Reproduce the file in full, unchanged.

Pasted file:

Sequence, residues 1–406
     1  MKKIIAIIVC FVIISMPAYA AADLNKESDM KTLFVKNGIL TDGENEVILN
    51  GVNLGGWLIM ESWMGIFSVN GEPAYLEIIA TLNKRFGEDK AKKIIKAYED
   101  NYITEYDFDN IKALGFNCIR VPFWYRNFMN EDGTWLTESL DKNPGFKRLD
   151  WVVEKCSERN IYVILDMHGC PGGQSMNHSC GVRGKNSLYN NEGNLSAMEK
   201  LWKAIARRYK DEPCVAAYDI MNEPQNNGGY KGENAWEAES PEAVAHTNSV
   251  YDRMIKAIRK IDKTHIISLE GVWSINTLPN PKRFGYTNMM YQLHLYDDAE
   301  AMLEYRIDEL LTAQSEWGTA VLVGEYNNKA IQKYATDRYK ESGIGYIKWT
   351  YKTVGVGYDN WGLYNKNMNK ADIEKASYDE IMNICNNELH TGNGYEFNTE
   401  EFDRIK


Sequence, residues 1–406
     1  MKKIIAIIVC FVIISMPAYA AADLNKESDM KTLFVKNGIL TDGENEVILN
    51  GVNLGGWLIM ESWMGIFSVN GEPAYLEIIA TLNKRFGEDK AKKIIKAYED
   101  NYITEYDFDN IKALGFNCIR VPFWYRNFMN EDGTWLTESL DKNPGFKRLD
   151  WVVEKCSERN IYVILDMHGC PGGQSMNHSC GVRGKNSLYN NEGNLSAMEK
   201  LWKAIARRYK DEPCVAAYDI MNEPQNNGGY KGENAWEAES PEAVAHTNSV
   251  YDRMIKAIRK IDKTHIISLE GVWSINTLPN PKRFGYTNMM YQLHLYDDAE
   301  AMLEYRIDEL LTAQSEWGTA VLVGEYNNKA IQKYATDRYK ESGIGYIKWT
   351  YKTVGVGYDN WGLYNKNMNK ADIEKASYDE IMNICNNELH TGNGYEFNTE
   401  EFDRIK